3 September 1808|
Groß-Glogau, Silesia, Prussia
|Died||31 January 1864
Berlin, Prussia, Germany
He was one of the first Jewish graduates from the modern universities, earning a Ph.D. degree in 1836. He was appointed Rabbi in Prague in 1836, and in Berlin in 1844. He took the conservative side against the Reform agitation, and so strongly opposed the introduction of the organ into the Synagogue that he retired from the Rabbinate rather than acquiesce.
Sachs was one of the greatest preachers of his age, and published two volumes of Sermons (Predigten, 1866–1891). He co-operated with Leopold Zunz in a new translation of the Bible. Sachs is best remembered for his work on Hebrew poetry, Religiöse Poesie der Juden in Spanien (1845); his more ambitious critical work (Beiträge zur Sprach- und Alterthumsforschung, 2 vols., 1852–1854) is of less lasting value. He turned his poetic gifts to admirable account in his translation of the Festival Prayers (Machzor, 9 vols., 1855), a new feature of which was the metrical rendering of the medieval Hebrew hymns. Another very popular work by Sachs contains poetic paraphrases of Rabbinic legends (Stimmen vom Jordan und Euphrat, 1853).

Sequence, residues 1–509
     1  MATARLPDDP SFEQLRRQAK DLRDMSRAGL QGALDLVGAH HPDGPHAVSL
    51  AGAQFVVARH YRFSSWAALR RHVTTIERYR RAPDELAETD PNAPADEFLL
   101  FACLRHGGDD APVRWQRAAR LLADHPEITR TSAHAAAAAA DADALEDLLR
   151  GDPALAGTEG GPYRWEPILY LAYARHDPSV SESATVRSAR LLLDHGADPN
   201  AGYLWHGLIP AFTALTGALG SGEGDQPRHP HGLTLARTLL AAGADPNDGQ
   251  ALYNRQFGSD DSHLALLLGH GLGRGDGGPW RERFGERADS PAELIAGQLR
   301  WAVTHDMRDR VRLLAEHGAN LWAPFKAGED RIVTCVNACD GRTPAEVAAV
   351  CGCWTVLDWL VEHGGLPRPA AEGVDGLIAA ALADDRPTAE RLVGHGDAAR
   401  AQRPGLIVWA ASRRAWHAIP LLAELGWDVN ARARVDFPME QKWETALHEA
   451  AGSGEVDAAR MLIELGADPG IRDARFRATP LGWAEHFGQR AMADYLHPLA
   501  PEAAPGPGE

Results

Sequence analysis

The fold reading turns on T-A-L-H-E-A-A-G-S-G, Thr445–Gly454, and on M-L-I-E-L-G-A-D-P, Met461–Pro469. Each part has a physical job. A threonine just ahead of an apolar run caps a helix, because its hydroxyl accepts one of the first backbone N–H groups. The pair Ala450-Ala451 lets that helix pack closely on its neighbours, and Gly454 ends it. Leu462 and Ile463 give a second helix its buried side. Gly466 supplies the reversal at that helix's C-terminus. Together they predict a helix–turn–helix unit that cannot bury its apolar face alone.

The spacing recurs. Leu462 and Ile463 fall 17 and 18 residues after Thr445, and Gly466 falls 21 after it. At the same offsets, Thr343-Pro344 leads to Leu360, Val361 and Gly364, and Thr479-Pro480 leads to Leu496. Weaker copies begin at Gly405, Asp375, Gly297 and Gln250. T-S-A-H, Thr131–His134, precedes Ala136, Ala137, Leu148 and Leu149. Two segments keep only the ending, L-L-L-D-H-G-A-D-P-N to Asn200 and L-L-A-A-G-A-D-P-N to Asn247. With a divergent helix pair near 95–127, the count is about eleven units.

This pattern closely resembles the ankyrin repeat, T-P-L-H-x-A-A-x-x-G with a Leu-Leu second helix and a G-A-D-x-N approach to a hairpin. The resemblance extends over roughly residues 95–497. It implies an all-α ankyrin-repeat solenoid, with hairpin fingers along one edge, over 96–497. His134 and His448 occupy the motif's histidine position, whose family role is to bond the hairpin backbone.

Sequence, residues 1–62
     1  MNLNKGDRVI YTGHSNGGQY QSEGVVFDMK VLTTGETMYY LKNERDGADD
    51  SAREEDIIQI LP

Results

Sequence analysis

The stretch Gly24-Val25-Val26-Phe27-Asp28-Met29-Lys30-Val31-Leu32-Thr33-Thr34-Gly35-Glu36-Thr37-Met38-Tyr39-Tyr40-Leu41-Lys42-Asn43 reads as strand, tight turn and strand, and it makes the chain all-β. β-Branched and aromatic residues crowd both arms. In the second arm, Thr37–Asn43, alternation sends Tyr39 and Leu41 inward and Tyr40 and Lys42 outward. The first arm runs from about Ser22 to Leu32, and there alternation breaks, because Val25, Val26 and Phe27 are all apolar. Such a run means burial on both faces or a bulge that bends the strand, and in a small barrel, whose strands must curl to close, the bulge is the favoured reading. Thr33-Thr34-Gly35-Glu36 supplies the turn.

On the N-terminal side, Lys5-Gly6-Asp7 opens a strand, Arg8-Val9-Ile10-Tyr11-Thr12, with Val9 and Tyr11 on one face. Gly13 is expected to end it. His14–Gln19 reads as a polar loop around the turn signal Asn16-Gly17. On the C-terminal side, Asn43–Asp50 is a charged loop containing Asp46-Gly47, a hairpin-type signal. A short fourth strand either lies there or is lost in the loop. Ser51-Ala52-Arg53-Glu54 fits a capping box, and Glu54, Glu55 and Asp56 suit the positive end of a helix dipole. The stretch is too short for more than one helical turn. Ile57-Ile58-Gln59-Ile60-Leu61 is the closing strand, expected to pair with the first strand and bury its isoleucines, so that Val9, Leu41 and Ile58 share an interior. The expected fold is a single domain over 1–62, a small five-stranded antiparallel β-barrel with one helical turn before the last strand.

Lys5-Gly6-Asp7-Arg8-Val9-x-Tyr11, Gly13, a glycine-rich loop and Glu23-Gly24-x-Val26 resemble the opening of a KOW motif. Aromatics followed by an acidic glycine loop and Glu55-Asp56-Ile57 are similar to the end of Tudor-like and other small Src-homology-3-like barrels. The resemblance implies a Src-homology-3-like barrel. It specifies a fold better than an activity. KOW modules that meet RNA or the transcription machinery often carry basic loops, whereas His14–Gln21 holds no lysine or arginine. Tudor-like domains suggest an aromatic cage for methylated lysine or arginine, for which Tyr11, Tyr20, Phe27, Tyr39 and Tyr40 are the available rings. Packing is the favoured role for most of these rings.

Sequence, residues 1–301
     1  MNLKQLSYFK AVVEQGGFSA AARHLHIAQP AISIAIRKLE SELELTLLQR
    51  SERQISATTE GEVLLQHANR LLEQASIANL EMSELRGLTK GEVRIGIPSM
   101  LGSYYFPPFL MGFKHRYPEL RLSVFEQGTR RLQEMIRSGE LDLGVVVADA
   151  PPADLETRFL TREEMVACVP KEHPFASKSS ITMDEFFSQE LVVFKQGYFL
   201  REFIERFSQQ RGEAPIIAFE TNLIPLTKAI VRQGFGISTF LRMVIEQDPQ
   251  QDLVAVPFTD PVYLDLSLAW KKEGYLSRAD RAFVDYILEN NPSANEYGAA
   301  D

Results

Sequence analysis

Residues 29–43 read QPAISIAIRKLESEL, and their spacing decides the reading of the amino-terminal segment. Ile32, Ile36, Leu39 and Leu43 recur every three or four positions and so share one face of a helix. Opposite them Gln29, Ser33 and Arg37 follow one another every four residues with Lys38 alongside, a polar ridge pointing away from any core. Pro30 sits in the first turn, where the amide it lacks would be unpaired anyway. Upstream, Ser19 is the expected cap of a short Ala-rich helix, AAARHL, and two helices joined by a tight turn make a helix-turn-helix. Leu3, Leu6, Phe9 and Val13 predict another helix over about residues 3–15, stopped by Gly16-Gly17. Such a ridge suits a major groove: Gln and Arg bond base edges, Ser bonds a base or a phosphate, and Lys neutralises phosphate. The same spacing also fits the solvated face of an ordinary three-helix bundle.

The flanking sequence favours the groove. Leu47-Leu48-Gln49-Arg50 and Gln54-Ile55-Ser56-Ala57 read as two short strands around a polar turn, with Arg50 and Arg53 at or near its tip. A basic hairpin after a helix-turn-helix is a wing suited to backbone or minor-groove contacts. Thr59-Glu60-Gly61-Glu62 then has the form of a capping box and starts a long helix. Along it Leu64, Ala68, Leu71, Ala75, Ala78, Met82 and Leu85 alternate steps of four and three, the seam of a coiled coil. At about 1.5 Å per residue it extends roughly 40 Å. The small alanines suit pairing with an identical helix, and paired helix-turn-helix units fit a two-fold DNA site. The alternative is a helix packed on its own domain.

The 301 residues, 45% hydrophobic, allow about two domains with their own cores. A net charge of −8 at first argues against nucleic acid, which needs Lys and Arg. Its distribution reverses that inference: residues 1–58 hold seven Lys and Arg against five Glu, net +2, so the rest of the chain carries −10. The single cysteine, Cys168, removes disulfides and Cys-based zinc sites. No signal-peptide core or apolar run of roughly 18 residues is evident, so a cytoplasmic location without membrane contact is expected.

- Sachs, Michael, Die religiöse Poesie der Juden in Spanien, Berlin: Veit, 1845.
- Sachs, Michael, Stimmen vom Jordan und Euphrat: ein Buch fürs Haus, Frankfurt upon Main: Kauffmann, 1891
- Sachs, Michael, Predigten, edited by David Rosin from the bequest of Sachs, Berlin: Gerschel, 1866-1869.
- Sachs, Michael, Beiträge zur Sprach- und Alterthumsforschung: aus jüdischen Quellen: 2 parts, Berlin: Veit, 1852 and 1854.
This article incorporates text from a publication now in the public domain: Abrahams, Israel (1911). "Sachs, Michael". In Chisholm, Hugh. Encyclopædia Britannica (11th ed.). Cambridge University Press.